8. The New Jersey Tort Claims Act (the "Tort Claims Act") states that "[n]o action shall be brought against a public entity or public employee under [the Tort Claims Act] unless the claim upon which it is based shall have been presented in accordance with the procedures set forth in this Chapter." N.J. Stat. Ann. § 59:8-3. Specifically, under the Act, a claimant must sign and file a notice of tort claim (a "Notice of Claim") with the public entity within 90 days from accrual of the cause of action. Id. § 59:8-8.*fn2 After the Notice of Claim is filed, a plaintiff must wait six months before filing suit against the public entity or employee in an appropriate court. Id.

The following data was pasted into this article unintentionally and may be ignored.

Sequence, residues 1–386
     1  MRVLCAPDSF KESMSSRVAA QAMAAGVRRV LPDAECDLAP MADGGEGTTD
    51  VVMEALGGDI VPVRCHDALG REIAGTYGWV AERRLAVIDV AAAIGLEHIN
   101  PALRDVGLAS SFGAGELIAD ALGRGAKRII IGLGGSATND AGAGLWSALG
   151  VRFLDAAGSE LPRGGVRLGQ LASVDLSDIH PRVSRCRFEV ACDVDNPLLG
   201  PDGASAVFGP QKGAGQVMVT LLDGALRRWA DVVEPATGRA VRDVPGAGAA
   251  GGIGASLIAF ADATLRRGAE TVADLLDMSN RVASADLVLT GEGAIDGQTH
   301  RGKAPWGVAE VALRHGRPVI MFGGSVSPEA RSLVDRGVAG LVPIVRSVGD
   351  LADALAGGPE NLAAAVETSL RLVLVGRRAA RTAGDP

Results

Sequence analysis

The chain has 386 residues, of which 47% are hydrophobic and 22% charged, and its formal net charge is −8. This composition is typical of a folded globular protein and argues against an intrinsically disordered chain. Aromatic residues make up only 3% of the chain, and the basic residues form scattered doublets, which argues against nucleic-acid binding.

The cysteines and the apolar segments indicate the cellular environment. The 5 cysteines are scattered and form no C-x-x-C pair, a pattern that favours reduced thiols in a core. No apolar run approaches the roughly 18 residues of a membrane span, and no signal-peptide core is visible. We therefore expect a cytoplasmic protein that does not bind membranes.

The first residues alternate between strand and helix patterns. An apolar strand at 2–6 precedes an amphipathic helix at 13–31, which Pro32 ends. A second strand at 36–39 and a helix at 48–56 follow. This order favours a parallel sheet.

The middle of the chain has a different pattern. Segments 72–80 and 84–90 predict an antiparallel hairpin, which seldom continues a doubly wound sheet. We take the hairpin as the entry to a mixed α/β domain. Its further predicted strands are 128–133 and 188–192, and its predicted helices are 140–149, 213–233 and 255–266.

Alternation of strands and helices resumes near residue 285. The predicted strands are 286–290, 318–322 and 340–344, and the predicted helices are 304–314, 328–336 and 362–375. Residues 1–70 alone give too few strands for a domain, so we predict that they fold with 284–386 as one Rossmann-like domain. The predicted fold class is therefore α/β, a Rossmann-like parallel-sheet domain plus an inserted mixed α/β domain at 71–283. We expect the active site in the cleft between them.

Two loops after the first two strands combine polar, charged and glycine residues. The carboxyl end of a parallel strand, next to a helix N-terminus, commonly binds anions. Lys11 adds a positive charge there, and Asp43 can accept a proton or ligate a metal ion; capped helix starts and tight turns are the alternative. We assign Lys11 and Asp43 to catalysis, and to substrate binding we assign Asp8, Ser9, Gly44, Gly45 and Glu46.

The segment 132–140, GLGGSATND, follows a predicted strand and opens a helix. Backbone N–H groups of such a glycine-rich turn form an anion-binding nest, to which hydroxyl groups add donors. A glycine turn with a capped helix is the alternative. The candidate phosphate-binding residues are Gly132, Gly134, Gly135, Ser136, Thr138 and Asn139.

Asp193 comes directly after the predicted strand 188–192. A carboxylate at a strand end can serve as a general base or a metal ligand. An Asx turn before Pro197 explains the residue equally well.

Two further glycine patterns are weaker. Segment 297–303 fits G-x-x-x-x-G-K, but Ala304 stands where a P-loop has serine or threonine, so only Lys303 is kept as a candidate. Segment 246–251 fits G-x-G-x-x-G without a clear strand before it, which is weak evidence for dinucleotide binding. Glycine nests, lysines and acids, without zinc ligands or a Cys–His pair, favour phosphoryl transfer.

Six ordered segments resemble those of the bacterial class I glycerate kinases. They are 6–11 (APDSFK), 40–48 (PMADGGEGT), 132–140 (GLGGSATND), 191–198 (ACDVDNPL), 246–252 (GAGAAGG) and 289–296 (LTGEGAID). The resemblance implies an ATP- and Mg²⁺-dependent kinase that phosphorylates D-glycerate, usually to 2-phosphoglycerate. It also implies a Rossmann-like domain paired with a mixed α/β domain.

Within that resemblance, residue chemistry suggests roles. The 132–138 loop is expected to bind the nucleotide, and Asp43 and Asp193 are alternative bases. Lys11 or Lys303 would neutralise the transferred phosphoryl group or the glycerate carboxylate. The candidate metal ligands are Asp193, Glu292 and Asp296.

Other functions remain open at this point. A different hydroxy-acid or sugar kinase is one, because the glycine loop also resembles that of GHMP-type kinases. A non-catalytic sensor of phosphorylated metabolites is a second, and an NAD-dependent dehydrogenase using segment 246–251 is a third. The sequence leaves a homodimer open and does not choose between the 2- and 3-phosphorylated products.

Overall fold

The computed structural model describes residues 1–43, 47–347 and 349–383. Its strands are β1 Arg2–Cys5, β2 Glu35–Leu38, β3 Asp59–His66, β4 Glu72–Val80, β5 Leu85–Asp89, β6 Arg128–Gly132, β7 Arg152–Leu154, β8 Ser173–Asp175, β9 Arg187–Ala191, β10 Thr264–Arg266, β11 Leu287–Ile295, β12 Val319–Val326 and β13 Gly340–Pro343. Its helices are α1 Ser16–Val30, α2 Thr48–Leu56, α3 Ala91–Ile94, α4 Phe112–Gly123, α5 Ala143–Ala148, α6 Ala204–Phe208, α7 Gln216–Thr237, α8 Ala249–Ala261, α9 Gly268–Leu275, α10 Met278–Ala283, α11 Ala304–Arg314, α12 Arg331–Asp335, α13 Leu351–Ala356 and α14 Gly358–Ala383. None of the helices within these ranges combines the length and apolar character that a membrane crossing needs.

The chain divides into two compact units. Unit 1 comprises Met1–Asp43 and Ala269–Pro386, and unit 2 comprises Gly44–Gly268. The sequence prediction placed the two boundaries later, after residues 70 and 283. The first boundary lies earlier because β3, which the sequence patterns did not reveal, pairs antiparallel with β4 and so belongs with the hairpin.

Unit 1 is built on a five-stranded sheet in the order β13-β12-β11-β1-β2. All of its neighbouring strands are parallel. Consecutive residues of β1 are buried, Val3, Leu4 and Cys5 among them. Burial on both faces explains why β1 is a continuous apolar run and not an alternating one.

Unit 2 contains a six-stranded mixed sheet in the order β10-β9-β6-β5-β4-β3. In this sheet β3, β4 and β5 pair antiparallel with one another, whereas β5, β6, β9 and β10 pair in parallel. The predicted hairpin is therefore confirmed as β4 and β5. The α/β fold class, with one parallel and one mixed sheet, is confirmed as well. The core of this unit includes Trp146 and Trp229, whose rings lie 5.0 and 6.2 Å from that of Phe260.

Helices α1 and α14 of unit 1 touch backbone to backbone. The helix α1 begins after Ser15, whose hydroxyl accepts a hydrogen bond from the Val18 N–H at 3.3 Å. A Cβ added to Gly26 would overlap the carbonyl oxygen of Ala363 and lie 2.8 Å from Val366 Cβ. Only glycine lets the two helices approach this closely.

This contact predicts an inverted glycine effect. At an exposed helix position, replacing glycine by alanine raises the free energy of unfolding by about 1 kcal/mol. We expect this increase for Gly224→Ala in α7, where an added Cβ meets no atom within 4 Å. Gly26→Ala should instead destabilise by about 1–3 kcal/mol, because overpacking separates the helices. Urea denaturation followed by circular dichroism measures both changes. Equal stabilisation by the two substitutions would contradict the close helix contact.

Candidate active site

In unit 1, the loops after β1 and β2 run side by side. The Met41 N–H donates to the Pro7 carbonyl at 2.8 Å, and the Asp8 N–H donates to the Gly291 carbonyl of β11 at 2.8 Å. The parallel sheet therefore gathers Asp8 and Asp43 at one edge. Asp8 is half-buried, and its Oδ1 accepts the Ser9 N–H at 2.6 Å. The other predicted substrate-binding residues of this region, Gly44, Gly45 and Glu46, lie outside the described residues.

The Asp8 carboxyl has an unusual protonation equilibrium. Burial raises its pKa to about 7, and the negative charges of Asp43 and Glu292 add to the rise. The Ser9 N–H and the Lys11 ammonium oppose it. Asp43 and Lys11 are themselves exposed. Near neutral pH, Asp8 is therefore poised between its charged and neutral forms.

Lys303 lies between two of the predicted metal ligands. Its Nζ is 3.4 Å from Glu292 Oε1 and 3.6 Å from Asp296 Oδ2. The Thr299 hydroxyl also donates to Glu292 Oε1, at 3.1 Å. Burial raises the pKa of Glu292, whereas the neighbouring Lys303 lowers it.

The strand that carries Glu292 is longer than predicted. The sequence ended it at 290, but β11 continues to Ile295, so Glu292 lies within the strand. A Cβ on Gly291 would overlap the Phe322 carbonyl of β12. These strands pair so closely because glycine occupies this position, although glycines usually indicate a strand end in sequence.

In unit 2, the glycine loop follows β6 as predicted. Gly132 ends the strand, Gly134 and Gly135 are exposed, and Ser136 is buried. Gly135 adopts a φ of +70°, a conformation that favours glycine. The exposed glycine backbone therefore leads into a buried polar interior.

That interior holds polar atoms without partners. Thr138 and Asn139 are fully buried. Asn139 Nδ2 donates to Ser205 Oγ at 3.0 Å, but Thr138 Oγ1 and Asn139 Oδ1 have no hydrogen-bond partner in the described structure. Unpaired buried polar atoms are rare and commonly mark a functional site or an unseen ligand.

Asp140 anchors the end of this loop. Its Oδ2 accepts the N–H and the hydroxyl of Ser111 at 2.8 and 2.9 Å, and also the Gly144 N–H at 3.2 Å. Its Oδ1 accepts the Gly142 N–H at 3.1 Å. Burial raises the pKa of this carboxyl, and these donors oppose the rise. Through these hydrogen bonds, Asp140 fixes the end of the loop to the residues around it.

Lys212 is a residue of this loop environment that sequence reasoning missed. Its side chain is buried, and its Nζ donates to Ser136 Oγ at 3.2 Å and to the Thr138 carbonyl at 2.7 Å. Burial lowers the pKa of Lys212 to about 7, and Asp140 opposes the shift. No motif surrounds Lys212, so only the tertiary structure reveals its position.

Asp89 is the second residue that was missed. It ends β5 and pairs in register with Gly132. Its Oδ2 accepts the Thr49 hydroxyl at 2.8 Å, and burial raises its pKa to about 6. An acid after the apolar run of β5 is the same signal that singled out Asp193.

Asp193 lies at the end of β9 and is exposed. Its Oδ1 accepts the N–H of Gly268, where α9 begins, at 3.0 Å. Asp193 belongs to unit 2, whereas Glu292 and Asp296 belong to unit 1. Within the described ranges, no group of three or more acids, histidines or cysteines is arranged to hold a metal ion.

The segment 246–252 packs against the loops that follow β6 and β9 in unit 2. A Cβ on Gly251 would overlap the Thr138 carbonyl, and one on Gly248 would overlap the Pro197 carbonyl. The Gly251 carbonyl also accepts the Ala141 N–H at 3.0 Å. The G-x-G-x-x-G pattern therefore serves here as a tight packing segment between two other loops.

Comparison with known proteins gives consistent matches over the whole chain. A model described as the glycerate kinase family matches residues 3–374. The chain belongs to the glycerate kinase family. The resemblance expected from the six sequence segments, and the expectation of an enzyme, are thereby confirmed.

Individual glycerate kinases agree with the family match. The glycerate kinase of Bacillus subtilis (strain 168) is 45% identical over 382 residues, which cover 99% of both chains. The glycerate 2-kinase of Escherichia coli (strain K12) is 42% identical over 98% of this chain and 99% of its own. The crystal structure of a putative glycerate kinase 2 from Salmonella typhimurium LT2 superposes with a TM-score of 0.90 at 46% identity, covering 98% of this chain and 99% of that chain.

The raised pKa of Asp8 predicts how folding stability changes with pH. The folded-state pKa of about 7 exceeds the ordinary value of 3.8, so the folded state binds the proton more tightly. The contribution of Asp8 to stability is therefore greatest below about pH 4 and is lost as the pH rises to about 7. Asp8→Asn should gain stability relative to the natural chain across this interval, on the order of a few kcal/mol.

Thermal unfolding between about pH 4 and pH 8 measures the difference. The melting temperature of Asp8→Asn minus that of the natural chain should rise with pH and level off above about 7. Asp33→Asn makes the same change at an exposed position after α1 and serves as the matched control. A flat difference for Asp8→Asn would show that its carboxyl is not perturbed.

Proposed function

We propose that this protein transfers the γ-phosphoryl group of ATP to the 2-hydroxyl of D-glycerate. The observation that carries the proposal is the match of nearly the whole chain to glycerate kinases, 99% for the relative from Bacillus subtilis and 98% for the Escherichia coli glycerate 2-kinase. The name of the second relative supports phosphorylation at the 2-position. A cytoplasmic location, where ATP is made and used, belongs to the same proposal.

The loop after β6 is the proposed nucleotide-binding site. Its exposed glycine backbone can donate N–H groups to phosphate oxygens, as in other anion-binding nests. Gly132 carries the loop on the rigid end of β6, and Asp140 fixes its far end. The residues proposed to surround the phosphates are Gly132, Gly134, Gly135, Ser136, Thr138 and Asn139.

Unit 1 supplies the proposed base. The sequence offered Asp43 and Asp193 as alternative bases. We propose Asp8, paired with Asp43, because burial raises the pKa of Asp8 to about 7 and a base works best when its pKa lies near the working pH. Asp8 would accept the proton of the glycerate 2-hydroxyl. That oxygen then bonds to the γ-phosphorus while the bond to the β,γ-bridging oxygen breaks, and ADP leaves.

9. N.J. Stat. Ann. § 59:8-9 establishes the only exception to the requirement that a claimant file a Notice of Claim within 90 days from the date of accrual.*fn3 Under Section 59:8-9, upon a motion from the claimant supported by affidavits, the district court has discretion to allow late filing of a Notice of Claim if made within one year of the claim accrual date provided that (1) the claimant seeking to file a late claim shows reasons constituting "extraordinary circumstances" for the claimant's failure to meet the 90-day filing requirement and (2) that the defendant(s) are not "substantially prejudiced thereby." N.J. Stat. Ann. § 59:8-9. The existence of "extraordinary circumstances" is determined by the courts on a case-by-case basis. Rolax v. Whitman, 175 F. Supp. 2d 720, 730-31 (2001), aff'd, 53 F. App'x. 635 (2002); S.P. v. Collier High Sch., 319 N.J. Super. 452, 465 (App. Div. 1999).